The 40D and high ISO

Posted on 3 November 2007, 21:27

One of the factors which initially led me to buy a 40D was the anticipation of better high ISO performance than I was getting from the 30D.

The 30D is no mean performer at high ISO, but I sometimes found more chroma noise than I was really happy with: yes, I could deal with it in Neat Image, but ideally I’d prefer less in the first place.

The 40D shares the new Dig!c III processor with the 1D Mk III and I hoped that some of that camera’s extraordinary high ISO Performance might rub off on its little brother.

Now then: many 40D reviews out there suggest that it is at best as good as the 30D at high ISO.

Be that as it may, the nature of the noise at high ISO appears to be very different, with chroma noise very well controlled, and luma noise being smalled-grained (a benefit of the extra 2 mp, presumably) and unobtrusive.

So, without having done any side-by-side pixel peeping tests between the 30D and 40D, my personal opinion is that the 40D’s high ISO performance is substantially better than that of the 30D.

In fact I now regard 400 and 800 ISO as my baseline ISO settings for day-to-day use of the camera.

But it gets better than that…

Note that these aren’t great pictures – they’re only intended to indicate something about Real World noise performance. All were taken with the 40D and 100-400mm at 400mm.

800 ISO starling

This is a pretty typical 800 ISO example from the 40D.

I have given it a light dusting with Neat Image, but that was just to increase background blur and to make up for the cropping I had to do.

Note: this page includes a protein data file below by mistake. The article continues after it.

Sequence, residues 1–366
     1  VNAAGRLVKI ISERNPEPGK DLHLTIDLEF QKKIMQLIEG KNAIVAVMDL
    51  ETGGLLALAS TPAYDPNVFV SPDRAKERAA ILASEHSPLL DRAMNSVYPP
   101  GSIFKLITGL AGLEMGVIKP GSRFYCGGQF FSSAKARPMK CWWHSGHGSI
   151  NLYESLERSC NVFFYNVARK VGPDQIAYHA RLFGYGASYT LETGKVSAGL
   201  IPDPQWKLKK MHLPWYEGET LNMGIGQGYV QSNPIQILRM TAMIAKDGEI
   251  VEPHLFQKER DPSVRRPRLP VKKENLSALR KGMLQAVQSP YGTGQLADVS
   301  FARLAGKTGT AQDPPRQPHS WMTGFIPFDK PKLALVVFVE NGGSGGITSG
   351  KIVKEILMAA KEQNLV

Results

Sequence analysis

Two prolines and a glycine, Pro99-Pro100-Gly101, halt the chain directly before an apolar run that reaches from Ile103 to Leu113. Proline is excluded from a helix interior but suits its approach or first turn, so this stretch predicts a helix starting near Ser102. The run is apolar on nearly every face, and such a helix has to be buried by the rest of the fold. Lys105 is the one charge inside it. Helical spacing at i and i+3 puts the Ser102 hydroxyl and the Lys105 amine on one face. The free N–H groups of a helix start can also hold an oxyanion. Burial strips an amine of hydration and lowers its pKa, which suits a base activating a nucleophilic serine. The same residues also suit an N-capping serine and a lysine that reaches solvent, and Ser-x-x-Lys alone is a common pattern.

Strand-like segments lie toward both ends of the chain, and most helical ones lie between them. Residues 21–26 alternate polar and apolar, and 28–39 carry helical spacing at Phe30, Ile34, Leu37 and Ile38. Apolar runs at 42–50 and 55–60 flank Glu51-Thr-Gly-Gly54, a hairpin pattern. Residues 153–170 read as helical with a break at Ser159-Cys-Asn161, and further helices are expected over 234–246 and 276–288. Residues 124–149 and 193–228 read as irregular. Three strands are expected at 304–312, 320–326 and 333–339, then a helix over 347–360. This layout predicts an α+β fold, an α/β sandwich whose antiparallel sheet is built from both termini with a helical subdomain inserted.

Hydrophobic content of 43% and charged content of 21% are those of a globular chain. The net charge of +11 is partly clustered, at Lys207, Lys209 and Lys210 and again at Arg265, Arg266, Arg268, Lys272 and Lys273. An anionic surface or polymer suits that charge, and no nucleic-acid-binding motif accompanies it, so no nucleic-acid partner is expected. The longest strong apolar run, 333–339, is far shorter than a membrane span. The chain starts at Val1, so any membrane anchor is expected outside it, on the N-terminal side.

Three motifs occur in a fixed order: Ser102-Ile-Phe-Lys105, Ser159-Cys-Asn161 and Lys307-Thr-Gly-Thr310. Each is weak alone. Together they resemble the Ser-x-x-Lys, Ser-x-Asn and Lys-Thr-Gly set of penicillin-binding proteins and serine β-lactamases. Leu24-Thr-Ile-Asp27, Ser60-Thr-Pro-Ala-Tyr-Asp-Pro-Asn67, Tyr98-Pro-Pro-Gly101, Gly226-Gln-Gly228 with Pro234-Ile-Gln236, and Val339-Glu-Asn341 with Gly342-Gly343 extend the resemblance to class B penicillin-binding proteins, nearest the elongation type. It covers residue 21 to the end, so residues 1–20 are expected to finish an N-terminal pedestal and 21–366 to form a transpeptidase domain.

The end result is what matters though, and in IQ terms, it really is as good as I could realistically hope for.

800 ISO starling

Another 800 ISO starling – no noise reduction this time.

Again, there’s no problem at all with noise – there’s very little difference between this and 400 ISO from the 30D.

The background in particular is smooth and lacking in artefacts (in fact it looks hardly any different noise reduced!) and detail in the bird is fine.

1600 ISO test

This is 1600 ISO.

Here, I’ve applied very light noise reduction (lower slider values than I would usually use to smooth out backgrounds from my 30D at 400 ISO) and I’ve increased contrast and saturation slightly.

Detail and colour are unaffected by the high ISO or the post processing.

1600 ISO test

This is more telling though: 1600 ISO and no noise reduction – simply a slight crop, resize, Levels and USM sharpen.

I find this very impressive, I have to say.

I should probably look at the colour balance again though..!

1600  ISO test

For completeness’ sake, this is the same picture after a bit of Neat Image.

As you can see, there’s a difference, but in truth it’s not a big difference.

I doubt that I would bother NR processing the original for my kind of “Real World” use.

3200 ISO test

Finally, this is 3200 ISO and – again – no noise reduction.

I have done nothing but the usual resize, Levels (rather a lot here, which makes noise more obvious), sharpen and saturation tweaks.

Personally I think that the amount of noise here is impressive given the sharpening and Levels lift I applied: with selective sharpening – and if I’d made a better job of exposure in the first place! – things would have been even better.

Or I could always go over the noisier parts of the picture with a “blur” brush…

3200 ISO test, noise reduced

3200 ISO is definitely usable then: and it goes without saying that it cleans up brilliantly in Neat Image (which seems to be very Canon-friendly, I’ve found).

All in all then, I really don’t care what the professional camera testers out there reckon about 40D noise performance: as far as I’m concerned, it’s a wonder.

It’s a good time to be a Canon user!

For clarity, I should mention that in-camera NR is off in all of these pictures.

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